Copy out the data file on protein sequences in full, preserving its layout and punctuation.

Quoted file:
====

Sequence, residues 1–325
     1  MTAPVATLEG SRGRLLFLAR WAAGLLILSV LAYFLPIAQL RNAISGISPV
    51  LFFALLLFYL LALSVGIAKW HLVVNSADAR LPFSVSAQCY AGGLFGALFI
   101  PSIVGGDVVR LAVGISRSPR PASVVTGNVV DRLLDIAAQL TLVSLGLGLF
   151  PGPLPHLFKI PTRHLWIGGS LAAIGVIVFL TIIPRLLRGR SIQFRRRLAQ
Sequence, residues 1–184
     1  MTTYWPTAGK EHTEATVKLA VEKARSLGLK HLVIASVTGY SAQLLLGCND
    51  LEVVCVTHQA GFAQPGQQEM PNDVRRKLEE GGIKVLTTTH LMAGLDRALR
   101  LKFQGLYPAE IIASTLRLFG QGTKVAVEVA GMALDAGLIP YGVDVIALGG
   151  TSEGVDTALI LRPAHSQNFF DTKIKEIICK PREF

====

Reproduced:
Sequence, residues 1–325
     1  MTAPVATLEG SRGRLLFLAR WAAGLLILSV LAYFLPIAQL RNAISGISPV
    51  LFFALLLFYL LALSVGIAKW HLVVNSADAR LPFSVSAQCY AGGLFGALFI
   101  PSIVGGDVVR LAVGISRSPR PASVVTGNVV DRLLDIAAQL TLVSLGLGLF
   151  PGPLPHLFKI PTRHLWIGGS LAAIGVIVFL TIIPRLLRGR SIQFRRRLAQ
Sequence, residues 1–184
     1  MTTYWPTAGK EHTEATVKLA VEKARSLGLK HLVIASVTGY SAQLLLGCND
    51  LEVVCVTHQA GFAQPGQQEM PNDVRRKLEE GGIKVLTTTH LMAGLDRALR
   101  LKFQGLYPAE IIASTLRLFG QGTKVAVEVA GMALDAGLIP YGVDVIALGG
   151  TSEGVDTALI LRPAHSQNFF DTKIKEIICK PREF